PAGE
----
Political protest was a dominant strain of Bearden’s early work—panels and covers for black American weekly newspapers and monthly magazines in the 1930s—and occasionally in late-career, large-format projects such as Berkeley—The City and Its People (1973; City of Berkeley, California) and Captivity and Resistance (1976; African American Museum of Philadephia), which offered passages of a student rally (as a photo collage element) and identifiable revolutionary figures such as Joseph Cinqué, John Brown, Frederick Douglass, and Harriet Tubman, respectively.28 At a time when such imagery was being produced by his peers and by emergent political groups such as the Black Panthers and the Free Speech Movement, Bearden eschewed explicit signification.29 For Mauritius, his tack was oblique—its title was tied to a historical figure, and its form, arguably, to every fighting man—black and nonblack, of Bearden’s time and of all time. Constructed of materials felicitously given and found, Mauritius was imbued with the spirit of collaboration, creative association, and individual innovation provided by the platform of Cordier & Ekstrom’s exhibition Blocked Metaphors. As that exhibition title proclaims, literal readings were meant to be frustrated.

 

Coda

Fig. 4. Stan Squirewell, Maurice the Saint, 2017. Scorched pigment print, 14 x 20 in. Courtesy of the artist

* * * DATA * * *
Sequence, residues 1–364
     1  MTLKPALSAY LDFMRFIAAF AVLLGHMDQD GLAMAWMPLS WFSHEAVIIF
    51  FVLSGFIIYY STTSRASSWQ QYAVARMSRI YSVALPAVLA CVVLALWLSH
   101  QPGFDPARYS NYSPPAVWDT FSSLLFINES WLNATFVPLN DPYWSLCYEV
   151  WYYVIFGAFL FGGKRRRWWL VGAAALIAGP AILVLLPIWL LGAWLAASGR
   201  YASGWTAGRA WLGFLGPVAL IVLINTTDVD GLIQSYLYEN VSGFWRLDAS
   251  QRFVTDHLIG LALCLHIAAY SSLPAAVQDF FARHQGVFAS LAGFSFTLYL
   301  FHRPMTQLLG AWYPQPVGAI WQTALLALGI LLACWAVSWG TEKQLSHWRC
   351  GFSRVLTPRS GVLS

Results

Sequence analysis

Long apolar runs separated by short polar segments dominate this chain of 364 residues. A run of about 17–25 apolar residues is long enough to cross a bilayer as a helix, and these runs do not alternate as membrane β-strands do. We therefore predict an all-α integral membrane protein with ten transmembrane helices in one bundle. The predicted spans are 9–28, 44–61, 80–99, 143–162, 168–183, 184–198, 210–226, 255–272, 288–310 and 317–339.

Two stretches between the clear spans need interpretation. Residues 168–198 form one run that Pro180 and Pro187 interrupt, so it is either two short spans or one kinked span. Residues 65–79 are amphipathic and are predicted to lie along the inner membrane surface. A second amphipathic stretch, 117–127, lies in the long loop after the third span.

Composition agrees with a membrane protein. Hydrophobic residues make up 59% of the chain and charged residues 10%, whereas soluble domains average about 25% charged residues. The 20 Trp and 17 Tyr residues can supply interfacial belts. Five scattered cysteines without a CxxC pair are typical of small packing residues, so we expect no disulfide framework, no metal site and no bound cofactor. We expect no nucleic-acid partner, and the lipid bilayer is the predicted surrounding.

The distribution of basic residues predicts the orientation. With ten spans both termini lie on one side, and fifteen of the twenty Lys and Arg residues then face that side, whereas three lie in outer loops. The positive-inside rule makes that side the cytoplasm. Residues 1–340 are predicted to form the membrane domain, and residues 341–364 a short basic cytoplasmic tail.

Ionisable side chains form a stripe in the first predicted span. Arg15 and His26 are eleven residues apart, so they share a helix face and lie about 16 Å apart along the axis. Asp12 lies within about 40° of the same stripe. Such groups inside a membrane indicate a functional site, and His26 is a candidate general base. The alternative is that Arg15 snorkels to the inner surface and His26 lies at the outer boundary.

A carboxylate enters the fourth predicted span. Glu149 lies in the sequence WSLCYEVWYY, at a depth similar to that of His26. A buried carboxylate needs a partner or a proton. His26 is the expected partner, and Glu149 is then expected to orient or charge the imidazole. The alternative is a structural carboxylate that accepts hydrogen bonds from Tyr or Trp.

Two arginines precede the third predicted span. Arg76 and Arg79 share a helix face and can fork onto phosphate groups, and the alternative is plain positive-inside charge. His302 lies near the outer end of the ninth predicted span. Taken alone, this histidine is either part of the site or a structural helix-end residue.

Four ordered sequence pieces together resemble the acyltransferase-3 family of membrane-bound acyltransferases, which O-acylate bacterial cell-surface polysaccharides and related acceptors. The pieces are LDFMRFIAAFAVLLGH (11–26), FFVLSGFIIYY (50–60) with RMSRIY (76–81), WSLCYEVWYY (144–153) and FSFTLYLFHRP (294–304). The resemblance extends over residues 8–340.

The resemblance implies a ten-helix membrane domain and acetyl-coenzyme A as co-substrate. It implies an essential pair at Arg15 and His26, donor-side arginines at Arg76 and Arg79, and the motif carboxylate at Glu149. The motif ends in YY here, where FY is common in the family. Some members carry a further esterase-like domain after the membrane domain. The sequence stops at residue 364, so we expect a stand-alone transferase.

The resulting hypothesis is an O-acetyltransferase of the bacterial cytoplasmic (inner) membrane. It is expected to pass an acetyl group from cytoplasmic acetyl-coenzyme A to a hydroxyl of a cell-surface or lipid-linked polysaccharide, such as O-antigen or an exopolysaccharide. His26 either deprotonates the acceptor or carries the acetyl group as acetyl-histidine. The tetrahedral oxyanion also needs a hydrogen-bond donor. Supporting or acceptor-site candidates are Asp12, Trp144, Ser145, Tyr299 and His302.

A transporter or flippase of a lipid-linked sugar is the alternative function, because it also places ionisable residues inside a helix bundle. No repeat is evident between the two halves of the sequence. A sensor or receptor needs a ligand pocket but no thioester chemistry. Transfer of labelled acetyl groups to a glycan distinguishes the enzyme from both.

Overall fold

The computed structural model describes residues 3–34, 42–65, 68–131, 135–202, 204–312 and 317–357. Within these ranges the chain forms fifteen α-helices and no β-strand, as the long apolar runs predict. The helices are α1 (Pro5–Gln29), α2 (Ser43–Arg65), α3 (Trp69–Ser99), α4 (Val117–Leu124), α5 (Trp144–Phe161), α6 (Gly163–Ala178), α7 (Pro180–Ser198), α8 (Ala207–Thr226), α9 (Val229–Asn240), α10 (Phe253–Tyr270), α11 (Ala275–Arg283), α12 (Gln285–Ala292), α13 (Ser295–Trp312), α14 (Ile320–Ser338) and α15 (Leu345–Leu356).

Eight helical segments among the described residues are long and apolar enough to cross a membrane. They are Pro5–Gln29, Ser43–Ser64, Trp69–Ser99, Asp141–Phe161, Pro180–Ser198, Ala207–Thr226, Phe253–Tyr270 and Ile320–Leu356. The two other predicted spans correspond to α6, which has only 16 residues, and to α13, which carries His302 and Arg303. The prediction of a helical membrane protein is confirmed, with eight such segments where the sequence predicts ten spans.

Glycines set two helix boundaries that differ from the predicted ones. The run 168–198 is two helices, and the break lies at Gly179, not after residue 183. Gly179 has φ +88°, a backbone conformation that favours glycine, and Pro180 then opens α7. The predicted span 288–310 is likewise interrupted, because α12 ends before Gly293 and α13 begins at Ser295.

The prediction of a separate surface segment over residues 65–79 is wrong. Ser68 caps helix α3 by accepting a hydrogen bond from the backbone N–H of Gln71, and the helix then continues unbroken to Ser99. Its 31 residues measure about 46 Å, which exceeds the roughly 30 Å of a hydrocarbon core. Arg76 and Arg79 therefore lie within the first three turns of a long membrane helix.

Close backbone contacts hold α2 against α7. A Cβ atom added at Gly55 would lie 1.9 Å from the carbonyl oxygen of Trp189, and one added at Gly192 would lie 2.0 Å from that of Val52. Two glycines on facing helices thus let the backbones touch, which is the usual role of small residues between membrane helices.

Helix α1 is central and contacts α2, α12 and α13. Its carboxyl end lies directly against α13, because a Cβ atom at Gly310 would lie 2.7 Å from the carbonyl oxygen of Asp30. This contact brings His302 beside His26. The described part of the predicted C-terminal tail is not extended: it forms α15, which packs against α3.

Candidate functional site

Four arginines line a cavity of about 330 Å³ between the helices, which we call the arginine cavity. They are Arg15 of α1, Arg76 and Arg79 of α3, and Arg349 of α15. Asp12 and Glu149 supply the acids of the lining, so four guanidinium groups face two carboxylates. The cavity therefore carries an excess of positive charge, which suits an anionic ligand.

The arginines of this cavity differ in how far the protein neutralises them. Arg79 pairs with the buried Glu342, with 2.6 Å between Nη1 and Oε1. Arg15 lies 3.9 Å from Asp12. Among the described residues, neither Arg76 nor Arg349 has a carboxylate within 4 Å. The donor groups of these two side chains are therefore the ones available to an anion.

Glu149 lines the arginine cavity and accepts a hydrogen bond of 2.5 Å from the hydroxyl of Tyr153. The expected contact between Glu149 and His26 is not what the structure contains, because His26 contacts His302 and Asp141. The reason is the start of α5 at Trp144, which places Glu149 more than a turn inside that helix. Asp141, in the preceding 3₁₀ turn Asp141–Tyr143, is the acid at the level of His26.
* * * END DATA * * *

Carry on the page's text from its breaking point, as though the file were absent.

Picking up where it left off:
Contemporary artist Stan Squirewell (b. 1978), in his own words, “looks for images of blackness everywhere in the world.”30 He photographs exhibited objects and pictures that he encounters during his visits to museums across the world and subsequently reorganizes these discrete parts into collages. As Bearden was, Squirewell was inspired by the legend of St. Maurice. Squirewell’s Maurice the Saint is a photo of Francis Harwood’s recognizable Bust of a Man (1758; The J. Paul Getty Museum), a black stone sculpture. In Squirewell’s composition, the figure’s head is seen in three-quarter profile and its left shoulder is exposed; sturdy medieval armor covers only part of the man’s trunk. Not only is the armored suit incomplete, but so is the warrior’s body below the beltline. Yet this muscular warrior is not entirely vulnerable. He is a formidable relic of past representation with relevance for the present, resurrected by Squirewell, interested as he is in presenting a virtuous and inspiring black masculinity.